Carnegie Mellon University

ML Journal Club

The 10-915 Machine Learning Journal Club course is designed to give students experience in making presentations. In addition, students satisfy the following MLD requirements: the Speaking Skills requirement and the Data Analysis Project (DAP) oral requirement. The course is worth 6 units. Attendance is required for those registered for credit.

Who should enroll?

  • All incoming PhD students in the Machine Learning Department should register in their first or second semester. All MLD PhD students are required to take the journal club twice: typically once in their first year, during the spring semester and once in their second or third year.
  • All incoming MS students in the Machine Learning Department should register in their first semester. If there is a course conflict, you may ask to defer to the second semester.
  • Secondary MS students do not have to register (but are permitted to register); they should contact the instructor before the semester starts to reserve a date to give their DAP oral presentation.
  • Students from other department are welcome, if space is available.


  • First-time MLD PhD & MS students: must sign up for a 5-minute talk and a 30-minute talk. PhD students may sign up for a speaking skills talk as well. The speaking skills talk should be scheduled after the 30-minute talk.
  • Repeat MLD PhD students: must sign up for a 5-minute talk and at least one of speaking skills (if not already complete) 30 minute, or DAP oral.
  • MLD MS students: must reserve a slot in the semester when they intend to give their DAP oral.
  • Students from other departments: should sign up for a 5-minute and a 30-minute, and other talks as desired and as slots are available.

Please sign up to reserve talk slots early to avoid surprises at the end of the semester.


Attendance is required for credit: part of the course is how to be a good listener as well as a good presenter. But, if you need to miss a class or two due to travel, illness, or a similar reason, it's probably OK as long as you let the instructor know before the class in question.


Each class is long enough to hold:

  • One DAP oral, or
  • Two 30-minute talks (including speaking skills talks), or
  • One 30-minute (or speaking skills) and three 5-minute talks, or
  • Four 5-minute talks

In addition, MLD rules allow at most one DAP oral per week.  So, if one is already scheduled for a Tuesday, please do not request to schedule one for the same week's Thursday, and vice versa.  There always seems to be a rush at the end of the semester, so please be sure to reserve your DAP slots early.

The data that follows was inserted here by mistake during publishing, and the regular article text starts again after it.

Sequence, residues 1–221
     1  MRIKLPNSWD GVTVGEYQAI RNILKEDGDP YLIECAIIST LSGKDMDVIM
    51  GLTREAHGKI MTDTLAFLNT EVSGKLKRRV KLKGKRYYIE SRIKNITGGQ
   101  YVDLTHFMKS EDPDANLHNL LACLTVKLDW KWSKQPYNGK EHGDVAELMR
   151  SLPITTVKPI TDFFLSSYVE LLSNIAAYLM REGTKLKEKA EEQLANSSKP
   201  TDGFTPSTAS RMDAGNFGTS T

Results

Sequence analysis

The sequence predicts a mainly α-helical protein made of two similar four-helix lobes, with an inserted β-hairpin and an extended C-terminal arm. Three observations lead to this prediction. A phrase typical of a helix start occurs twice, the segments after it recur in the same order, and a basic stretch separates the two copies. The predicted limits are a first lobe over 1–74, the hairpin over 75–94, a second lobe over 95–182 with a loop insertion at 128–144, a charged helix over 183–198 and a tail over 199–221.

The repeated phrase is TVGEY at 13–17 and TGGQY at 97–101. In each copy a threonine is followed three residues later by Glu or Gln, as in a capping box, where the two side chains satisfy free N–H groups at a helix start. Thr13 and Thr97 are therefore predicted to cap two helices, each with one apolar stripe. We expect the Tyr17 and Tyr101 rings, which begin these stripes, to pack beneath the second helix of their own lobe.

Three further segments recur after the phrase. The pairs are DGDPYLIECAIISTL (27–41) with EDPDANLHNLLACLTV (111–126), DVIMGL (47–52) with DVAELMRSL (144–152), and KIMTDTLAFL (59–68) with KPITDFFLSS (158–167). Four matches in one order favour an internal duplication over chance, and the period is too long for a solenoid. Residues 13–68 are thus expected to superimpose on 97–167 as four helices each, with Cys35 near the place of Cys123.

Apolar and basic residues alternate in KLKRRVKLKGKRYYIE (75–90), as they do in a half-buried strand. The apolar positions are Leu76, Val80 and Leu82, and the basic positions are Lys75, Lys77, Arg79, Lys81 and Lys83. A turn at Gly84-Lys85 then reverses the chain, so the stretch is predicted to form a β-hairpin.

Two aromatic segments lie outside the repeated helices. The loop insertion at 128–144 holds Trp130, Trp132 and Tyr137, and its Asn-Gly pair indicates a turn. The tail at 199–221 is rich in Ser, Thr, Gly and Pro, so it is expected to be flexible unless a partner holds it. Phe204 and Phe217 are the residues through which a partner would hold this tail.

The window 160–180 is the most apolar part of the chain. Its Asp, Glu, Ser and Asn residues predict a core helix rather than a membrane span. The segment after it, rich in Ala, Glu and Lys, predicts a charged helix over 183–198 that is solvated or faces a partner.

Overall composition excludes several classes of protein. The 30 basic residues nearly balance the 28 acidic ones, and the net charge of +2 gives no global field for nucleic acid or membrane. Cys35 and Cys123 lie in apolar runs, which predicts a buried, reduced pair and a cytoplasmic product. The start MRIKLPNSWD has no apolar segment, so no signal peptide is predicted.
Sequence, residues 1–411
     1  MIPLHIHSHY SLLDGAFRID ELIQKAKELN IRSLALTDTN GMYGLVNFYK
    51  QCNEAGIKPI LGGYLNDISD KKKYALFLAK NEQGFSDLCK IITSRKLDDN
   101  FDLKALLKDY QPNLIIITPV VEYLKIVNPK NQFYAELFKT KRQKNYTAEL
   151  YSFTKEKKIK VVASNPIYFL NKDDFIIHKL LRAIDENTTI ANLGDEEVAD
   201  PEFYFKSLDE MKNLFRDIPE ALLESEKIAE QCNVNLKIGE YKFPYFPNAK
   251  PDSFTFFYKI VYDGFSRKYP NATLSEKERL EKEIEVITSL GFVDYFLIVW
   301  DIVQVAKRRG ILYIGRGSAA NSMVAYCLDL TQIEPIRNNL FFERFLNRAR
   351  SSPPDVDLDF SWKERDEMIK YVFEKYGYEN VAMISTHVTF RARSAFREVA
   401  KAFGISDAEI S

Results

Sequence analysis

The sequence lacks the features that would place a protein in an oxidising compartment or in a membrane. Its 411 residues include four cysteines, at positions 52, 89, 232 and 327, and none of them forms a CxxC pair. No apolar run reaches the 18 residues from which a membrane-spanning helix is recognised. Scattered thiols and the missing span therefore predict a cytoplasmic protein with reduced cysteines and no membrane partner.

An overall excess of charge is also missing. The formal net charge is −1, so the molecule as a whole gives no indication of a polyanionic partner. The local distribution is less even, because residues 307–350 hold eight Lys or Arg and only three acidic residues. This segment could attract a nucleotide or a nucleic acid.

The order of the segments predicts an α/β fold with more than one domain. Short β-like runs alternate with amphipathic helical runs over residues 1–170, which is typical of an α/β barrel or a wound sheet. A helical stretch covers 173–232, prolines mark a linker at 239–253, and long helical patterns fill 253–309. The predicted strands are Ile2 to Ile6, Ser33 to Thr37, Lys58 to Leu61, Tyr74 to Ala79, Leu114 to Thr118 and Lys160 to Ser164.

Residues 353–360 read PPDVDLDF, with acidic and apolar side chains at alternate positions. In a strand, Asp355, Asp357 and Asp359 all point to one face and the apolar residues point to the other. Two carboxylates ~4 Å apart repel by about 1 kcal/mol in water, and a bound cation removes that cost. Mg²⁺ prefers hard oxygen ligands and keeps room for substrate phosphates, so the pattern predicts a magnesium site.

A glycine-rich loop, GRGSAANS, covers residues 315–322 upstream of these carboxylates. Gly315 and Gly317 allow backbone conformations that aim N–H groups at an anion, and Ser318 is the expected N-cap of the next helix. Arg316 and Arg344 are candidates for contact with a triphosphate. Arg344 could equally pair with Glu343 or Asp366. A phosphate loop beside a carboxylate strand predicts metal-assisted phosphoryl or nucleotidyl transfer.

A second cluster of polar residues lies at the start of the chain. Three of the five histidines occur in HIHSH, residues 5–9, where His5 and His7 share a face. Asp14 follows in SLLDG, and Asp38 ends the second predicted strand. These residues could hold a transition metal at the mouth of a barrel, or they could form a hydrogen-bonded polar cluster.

See REQUIREMENTS to make sure you schedule the right set of talks.


To schedule a talk, please follow the instructions given each semester from the instructor for the course to reserve talk slots.

In the case of a DAP oral, please also:

  • get approval of the date from your advisor (advisors are required to attend DAP orals)
  • make sure to provide a draft DAP document to your DAP committee for approval one month ahead of time
  • send an abstract to Diane Stidle at least one week ahead of time
  • check your student handbook for requirements.

In the case of a Speaking Skills talk, please also:

  • check the schedule to make sure the student speaking skills committee members are available
  • make sure that at least two faculty can attend and fill out your evaluation form. (Typically one of these is a Journal Club instructor and the other is your advisor, but we can accommodate other arrangements. If there are two instructors for Journal Club in some semester, do not assume that both will be present on any given day.)
  • check your student handbook for requirements.

Talk Types:

5-min talk
This is the “elevator pitch” talk, in which you attempt to convince the audience quickly of the importance of some research idea.  (It does not have to be your own idea.)  This talk should use only a very small number of slides; one of the most common mistakes is to try to include too much information.  In addition, the talk should have a clear goal in mind; at the end of the talk, the audience should know what this goal is and whether they agree with it.